New to CPTSD

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Violet Magenta

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New to CPTSD
« on: October 19, 2020, 12:52:47 AM »
Hi everyone. Many of your stories have aspects that sound so familiar to me. I only recently realized that I may have a kind of PTSD. What I was going through didn't exactly match up to PTSD experiences I'd heard about with survivors of war. And I'd grown so used to unpleasant feelings and panic attacks, that I didn't know or acknowledge they were happening, or that they might be a symptom. I developed chronic pain around ten years ago. I was sure I'd injured myself. Doctors found nothing. Physiotherapists had various theories. A few astute practitioners asked me gently about my emotional life. This was the crack in the door, that slowly enabled me to see that I'd been abused, emotionally as well as with physical violence. I think the emotional stuff may have been more damaging to me in some ways, because I couldn't see it for so long.  A friend noted casually that my ex was disrespectful -- I was so shocked and surprised that I had to get her to explain how. I just didn't see it. I had come to expect disrespect and emotional abuse. It was a given that my needs were nonentities. To this day, I still have a very difficult time with identifying and trusting my own feelings, figuring out boundaries, and protecting myself. I'm either too trusting or not able to trust. I'm working with a therapist now, Somatic Experiencing, and on my own with various resources trying to improve esteem, boundaries, and the ability to be in touch with my feelings. Thank you all for being here and sharing your experiences. It helps to not feel so alone.

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marta1234

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Re: New to CPTSD
« Reply #1 on: October 19, 2020, 08:02:31 AM »
Welcome Violet Magenta,  :heythere: happy you found our forum :) .

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Violet Magenta

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Re: New to CPTSD // TRIGGER WARNING
« Reply #2 on: October 22, 2020, 06:25:30 PM »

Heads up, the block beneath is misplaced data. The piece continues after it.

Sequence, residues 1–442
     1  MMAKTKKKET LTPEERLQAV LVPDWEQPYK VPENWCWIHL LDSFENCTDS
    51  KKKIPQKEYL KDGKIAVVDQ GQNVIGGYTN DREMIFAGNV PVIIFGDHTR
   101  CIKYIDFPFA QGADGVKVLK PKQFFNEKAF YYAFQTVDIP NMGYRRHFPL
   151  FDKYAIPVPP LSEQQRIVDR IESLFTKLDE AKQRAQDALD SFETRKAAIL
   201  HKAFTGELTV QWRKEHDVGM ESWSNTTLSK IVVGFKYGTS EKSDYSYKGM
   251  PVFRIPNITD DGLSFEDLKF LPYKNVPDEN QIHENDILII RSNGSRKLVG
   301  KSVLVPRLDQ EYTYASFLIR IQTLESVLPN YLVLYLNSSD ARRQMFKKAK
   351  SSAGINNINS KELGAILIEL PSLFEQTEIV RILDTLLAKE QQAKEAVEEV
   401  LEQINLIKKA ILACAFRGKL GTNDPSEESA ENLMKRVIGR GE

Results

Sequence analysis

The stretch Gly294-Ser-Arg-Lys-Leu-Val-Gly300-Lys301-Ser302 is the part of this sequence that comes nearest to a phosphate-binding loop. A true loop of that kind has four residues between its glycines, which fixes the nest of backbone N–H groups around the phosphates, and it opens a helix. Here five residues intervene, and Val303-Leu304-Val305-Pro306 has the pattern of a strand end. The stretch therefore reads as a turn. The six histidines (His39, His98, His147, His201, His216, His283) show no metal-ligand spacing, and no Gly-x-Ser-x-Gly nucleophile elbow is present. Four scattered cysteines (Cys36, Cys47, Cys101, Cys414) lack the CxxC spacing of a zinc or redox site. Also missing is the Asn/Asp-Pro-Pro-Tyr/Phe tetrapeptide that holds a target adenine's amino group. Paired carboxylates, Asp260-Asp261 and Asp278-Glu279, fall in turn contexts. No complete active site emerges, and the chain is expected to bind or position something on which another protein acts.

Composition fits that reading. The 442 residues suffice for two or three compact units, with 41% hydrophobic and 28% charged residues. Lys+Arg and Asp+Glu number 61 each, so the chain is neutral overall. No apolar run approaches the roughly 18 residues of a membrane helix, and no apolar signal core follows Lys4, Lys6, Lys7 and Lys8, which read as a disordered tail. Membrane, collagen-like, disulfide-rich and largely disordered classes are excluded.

Thanks, Marta! Today I'm ready to share a bit more of my story. It's hard to know where to begin. I'm fairly certain I experienced violence in utero. My dad was hitting my mom by then I'm sure. There would've been yelling, cortisol, and whatever else penetrated the safe walls of the womb. My earliest happy memory is when I was left alone, placed in a room in the upstairs of the house. Nobody else was up there; it was so quiet, and the sun was shining through the window, lighting up the bright magenta carpet. As the afternoon shadows grew, this became tinged with violet, and hence Violet-Magenta--it's still a very calming colour range for me. I grew used to the daily tensions, and eventually it just became "normal" to be punctuated by blow ups. I remember thinking my mom was being murdered by my dad, but didn't quite know how to use the phone enough to call for help. I remember crying and wailing and telling them I was going to call, to try to get my dad to stop. But I didn't really know how to use the phone yet. Another time, much later, when I was around 14, my dad turned his rage on me. He charged up those same stairs, to that same room where I felt safe, and dragged me out and began cuffing me in the head and then kicking me down the stairs, so I was half falling and half being held up by the grasping and hitting. He kept at it in front of my mom in our living room. She started yelling at him, and I started running. I only made it as far as our gate, and he caught up with me. He was furious because I'd lost it, and was screaming. He dragged me back into the house. The next thing I recall is my mom trying to calm me down. I was hyperventilating. The next day, it couldn't really be ignored, what had happened. Usually my family would just ignore such things and carry on like nothing happened. But I had this big blood clot in the front of my left eye. So my eye just looked all red, and it was impossible to miss. I decided to take it as a badge of toughness, with my tomboy friends, so I told them what happened. I guess it helped to have them -- I remember hanging out with them at some skate board competition the day after, and it was a relief to be away from home and to just be a teen having fun. Though the shadow was there. And there it was visible in my eye. Because it couldn't be denied, my mom told me it was there because I'd cried too hard, and got too upset. When she took me to the Dr a few days later, this is the story told the Dr, too. That I'd got really upset and cried so hard that I got a clot. There always had to be cover up, blaming and shaming. There was no internet back then for me to check up on this claim. I now know that such clots are caused by blunt force trauma to the head, and that it can actually be very serious. I should've been taken to ER for it, but I guess fortunately it was the only clot, and I recovered. But for years I believed this stupid story that I caused by being too upset. Working with my T, I'm slowly uncovering stuff. I didn't think it was PTSD per se, because I could remember, but I'm realizing that key details are coming back, like the stupid blame/shame business. Or the feeling of almost escaping, but not quite. By a pretty early age, I'd already normalized constant feelings of hypervigilance and shame, and I just kept shoving them down to try to be normal and fit in. It was a losing battle, and I was utterly exhausted by it. I struggled also with stomach issues by my teens, and then by my twenties I had started to have pain in my neck and shoulders. By my late thirties, the shoulder pain had become excruciating, and there were times I couldn't even turn my head. The only treatment that's helped ease these symptoms has been embodiment and somatic experiencing with my T. To complicate matters, I'm now the primary caregiver for my former abusers. A big challenge is to change co-dependent patterns, while also calming my over-activated nervous system, and connecting to my compassion. There's been a lot of friction in the family over challenging old family roles. My brother erupted into physical violence and I had to turn my back on him for awhile. The old patterns repeat over the generations. I'm not sure what his own kids had to go through. I just try to keep the door open for them as their Auntie. I'm getting more and more idea of what my parents and their parents carried as trauma. And here I am. Able to share it with you today. That's a step.